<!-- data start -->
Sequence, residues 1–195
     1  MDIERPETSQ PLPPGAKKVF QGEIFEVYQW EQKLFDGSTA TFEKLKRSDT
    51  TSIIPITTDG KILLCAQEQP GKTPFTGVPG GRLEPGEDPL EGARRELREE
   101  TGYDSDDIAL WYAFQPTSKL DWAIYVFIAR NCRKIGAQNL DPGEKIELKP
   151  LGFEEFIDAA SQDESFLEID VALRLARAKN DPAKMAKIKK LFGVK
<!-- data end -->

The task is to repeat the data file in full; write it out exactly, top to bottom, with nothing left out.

Sequence, residues 1–195
     1  MDIERPETSQ PLPPGAKKVF QGEIFEVYQW EQKLFDGSTA TFEKLKRSDT
    51  TSIIPITTDG KILLCAQEQP GKTPFTGVPG GRLEPGEDPL EGARRELREE
   101  TGYDSDDIAL WYAFQPTSKL DWAIYVFIAR NCRKIGAQNL DPGEKIELKP
   151  LGFEEFIDAA SQDESFLEID VALRLARAKN DPAKMAKIKK LFGVK